The Jewish cultural bias against deceased donation is a strong one and the principled halakhic rejection of brain death even stronger. How, then, do we address the iniquity of inequity and save more lives in 5781?
The first step is for rabbis, poskim, and Orthodox community leaders to acknowledge the inequity of receiving without donating, and then reject it as unethical. Then, motivated by the prospect of thousands within the orthodox community who reject brain death dying from organ failure and unable to receive a transplant, American halakhic authorities should follow the lead of their Israeli counterparts. Faced with a public health crisis due to the scarcity of Jewish donors and the unwillingness of the Eurotransplant organ sharing network to continue sending organs to Israel while receiving none in return, a group of prominent Israeli rabbis, poskim, and Rashei Yeshiva, have taken on the challenge of revisiting the matter of brain death in light of new scientific and medical discoveries, guided by expert physicians. Not surprisingly, because in Israel equity is an inescapable fact and not merely an ethical ideal, far more halakhic authorities in Israel have come to embrace both brain death and organ donation.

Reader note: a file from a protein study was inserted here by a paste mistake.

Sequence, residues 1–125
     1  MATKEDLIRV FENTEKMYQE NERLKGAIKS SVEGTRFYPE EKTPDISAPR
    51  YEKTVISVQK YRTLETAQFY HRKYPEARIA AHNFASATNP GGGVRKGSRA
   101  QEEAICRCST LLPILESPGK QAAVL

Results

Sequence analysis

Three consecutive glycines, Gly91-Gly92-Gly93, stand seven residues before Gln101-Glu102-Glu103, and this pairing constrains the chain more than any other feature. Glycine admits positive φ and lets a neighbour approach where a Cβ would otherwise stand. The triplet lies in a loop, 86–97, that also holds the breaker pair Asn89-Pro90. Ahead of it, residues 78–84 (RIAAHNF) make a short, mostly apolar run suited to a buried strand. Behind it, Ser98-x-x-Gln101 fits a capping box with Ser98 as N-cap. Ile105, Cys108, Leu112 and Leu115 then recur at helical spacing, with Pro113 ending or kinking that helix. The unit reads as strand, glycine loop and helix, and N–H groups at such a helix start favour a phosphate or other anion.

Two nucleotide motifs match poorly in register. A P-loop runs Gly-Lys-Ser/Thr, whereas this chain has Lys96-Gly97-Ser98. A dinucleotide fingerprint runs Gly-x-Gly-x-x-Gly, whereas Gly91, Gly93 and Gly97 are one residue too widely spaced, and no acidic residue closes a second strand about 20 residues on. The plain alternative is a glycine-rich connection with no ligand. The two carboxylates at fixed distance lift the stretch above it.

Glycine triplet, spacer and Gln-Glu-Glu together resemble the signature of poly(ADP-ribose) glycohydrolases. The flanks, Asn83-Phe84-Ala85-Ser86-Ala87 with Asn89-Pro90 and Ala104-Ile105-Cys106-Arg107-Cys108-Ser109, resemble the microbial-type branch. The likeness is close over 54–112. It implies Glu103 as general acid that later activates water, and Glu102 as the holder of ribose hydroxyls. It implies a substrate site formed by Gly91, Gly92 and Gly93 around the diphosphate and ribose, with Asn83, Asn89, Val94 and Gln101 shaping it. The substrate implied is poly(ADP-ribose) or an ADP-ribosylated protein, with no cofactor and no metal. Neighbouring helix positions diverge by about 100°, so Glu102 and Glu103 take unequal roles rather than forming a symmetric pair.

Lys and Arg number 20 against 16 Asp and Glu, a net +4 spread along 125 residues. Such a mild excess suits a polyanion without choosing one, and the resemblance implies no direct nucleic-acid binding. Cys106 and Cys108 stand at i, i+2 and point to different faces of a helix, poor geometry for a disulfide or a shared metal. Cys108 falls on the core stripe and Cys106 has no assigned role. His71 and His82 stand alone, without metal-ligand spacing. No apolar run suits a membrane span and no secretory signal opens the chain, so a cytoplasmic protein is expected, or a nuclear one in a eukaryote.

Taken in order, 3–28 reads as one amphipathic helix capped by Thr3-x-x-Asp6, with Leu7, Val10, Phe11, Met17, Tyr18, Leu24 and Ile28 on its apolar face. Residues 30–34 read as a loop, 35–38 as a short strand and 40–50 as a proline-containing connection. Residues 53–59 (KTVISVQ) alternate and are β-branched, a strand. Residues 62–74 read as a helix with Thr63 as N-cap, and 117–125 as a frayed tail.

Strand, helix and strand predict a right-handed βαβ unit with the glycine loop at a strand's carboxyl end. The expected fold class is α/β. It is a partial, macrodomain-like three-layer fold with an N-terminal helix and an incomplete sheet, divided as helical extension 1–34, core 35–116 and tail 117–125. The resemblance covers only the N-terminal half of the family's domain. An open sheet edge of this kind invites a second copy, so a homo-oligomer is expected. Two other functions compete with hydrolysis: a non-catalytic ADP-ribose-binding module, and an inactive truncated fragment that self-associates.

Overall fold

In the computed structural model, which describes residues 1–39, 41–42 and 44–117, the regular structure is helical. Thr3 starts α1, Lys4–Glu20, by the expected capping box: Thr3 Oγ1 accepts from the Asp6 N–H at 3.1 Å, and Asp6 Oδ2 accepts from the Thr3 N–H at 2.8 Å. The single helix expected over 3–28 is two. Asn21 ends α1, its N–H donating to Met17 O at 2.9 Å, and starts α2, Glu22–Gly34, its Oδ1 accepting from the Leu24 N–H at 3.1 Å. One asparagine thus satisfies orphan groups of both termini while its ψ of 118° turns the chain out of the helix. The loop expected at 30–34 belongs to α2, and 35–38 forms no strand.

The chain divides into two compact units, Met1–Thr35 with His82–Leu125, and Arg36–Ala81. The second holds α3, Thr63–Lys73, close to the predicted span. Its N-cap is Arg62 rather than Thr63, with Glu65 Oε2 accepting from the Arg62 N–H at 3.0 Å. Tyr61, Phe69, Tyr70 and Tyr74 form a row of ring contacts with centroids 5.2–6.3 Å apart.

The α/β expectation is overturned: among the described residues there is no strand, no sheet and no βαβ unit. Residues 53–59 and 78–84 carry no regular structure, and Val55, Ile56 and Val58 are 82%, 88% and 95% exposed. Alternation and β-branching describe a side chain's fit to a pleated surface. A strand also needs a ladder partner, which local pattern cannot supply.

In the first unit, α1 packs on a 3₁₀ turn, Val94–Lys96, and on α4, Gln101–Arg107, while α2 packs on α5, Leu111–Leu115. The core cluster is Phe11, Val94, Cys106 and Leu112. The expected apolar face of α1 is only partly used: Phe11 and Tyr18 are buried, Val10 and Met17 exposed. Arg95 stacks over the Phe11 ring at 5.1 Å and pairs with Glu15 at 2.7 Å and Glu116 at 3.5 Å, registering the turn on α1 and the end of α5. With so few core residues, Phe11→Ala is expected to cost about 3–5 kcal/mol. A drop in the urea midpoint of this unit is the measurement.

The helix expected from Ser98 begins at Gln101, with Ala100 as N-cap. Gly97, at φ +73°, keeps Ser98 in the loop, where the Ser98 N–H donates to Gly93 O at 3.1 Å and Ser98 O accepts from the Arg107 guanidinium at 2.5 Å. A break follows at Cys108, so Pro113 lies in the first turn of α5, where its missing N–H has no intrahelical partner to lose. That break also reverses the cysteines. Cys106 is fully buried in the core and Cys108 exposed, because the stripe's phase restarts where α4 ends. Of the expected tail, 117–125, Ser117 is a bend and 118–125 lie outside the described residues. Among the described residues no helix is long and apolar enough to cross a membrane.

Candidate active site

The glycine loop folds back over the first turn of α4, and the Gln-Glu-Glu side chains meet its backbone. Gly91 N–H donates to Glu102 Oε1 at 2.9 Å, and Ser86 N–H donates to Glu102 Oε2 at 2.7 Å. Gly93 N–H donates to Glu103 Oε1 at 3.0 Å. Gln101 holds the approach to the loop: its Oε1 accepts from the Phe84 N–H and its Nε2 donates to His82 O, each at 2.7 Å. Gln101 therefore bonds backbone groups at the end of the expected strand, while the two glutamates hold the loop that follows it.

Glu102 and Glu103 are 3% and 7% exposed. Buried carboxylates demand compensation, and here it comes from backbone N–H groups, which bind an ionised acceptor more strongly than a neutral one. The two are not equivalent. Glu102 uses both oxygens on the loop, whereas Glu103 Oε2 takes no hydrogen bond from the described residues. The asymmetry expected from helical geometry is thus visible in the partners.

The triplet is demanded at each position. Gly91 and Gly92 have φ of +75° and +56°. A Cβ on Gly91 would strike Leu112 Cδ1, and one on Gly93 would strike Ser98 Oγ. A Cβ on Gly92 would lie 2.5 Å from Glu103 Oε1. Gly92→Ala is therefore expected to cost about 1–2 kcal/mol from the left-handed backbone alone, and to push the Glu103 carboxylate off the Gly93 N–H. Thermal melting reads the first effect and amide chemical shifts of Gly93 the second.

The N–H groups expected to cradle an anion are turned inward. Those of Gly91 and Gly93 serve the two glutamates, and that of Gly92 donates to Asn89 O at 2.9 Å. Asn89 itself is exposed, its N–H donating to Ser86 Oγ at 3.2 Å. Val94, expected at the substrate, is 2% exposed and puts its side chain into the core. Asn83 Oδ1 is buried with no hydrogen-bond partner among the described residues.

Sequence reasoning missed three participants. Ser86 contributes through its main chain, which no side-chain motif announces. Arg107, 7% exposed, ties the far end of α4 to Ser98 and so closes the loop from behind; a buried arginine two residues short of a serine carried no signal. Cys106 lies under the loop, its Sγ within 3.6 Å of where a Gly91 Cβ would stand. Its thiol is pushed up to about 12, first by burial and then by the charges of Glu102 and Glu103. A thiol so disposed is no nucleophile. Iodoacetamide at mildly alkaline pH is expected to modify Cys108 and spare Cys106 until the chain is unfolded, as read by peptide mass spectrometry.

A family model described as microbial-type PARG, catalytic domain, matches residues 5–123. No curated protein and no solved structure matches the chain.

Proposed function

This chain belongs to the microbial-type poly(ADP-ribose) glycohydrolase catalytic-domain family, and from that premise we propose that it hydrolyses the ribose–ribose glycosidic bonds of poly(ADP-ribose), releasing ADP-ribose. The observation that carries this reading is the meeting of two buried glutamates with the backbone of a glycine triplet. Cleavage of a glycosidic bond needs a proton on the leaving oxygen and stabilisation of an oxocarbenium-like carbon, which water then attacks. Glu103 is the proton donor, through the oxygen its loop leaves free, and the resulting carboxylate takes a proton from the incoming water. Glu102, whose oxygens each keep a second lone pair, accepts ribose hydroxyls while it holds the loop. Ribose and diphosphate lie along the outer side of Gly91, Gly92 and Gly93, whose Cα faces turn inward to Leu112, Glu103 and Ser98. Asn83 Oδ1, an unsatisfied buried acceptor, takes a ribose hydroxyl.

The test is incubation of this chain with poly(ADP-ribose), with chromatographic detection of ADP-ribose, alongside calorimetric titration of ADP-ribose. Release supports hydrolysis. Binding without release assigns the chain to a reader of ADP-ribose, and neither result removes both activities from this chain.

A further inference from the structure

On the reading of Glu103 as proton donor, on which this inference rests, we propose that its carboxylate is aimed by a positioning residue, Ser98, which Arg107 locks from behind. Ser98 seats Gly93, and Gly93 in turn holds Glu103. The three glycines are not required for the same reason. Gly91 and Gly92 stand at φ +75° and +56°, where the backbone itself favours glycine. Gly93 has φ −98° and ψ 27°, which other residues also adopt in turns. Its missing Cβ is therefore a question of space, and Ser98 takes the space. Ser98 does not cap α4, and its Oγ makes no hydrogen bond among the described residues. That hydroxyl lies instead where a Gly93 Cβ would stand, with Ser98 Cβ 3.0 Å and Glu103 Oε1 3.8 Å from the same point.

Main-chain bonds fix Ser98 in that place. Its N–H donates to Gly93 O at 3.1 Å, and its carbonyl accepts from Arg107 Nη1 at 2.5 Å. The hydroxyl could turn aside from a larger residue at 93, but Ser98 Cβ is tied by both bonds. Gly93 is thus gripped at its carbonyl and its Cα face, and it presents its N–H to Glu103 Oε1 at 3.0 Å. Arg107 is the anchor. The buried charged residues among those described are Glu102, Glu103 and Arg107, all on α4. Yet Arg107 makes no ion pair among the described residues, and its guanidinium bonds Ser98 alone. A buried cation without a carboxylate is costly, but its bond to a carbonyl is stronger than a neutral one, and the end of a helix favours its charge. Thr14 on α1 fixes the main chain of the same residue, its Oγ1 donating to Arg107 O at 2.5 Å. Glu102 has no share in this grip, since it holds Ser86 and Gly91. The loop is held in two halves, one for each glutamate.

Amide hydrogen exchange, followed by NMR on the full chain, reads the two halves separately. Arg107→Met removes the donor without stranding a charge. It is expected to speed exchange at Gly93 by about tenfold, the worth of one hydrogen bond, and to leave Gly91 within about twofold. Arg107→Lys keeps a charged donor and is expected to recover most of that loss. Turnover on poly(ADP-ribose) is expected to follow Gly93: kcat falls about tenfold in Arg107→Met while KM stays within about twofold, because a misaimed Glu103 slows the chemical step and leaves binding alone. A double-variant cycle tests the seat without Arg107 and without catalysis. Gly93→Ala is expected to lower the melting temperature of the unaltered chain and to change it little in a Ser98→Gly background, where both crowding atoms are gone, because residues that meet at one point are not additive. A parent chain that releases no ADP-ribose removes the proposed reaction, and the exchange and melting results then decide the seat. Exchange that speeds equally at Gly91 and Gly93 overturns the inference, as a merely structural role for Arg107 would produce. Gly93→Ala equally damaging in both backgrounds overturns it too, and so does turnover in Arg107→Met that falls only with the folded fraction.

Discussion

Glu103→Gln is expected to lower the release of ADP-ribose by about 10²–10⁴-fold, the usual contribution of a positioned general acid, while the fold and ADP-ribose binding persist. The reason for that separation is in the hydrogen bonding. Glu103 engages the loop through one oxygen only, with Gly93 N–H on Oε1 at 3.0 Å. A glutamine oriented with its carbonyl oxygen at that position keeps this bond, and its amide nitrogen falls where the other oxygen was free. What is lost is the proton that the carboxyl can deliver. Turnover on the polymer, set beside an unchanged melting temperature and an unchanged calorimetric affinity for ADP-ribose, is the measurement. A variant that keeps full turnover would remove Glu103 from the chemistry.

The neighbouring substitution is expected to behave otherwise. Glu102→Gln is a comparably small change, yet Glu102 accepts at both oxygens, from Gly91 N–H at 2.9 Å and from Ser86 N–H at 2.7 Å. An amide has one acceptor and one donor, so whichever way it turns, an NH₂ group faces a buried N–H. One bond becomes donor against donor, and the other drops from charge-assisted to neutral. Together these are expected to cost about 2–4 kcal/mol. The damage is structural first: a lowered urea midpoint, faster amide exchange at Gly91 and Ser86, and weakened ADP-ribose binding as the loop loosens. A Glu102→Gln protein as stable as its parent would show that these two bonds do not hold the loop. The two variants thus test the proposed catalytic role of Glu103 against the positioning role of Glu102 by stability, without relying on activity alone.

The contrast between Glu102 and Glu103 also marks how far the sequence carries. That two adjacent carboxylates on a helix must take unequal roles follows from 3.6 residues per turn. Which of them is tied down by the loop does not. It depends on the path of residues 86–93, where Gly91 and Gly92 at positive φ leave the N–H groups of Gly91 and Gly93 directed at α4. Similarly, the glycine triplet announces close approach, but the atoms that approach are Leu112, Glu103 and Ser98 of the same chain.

Once the topic of brain death has been thoroughly reexamined in light of new scientific realities, poskim must rule in accordance with their application of the relevant halakhic principles to the realities of modern medicine. Those that come to embrace brain death as halakhically valid should encourage their followers to both donate organs after their death and accept organs for transplant. Those that reject brain death and maintain the standard of circulatory death should forbid post-mortem organ donation; at the same time, they should follow the lead of poskim like R. Hershel Schachter and make it clear to their followers that receiving an organ for transplantation is potentially just as problematic. Freed from the inherent inequity of receiving but not donating, both of these positions would be mekadesh shem shamayim.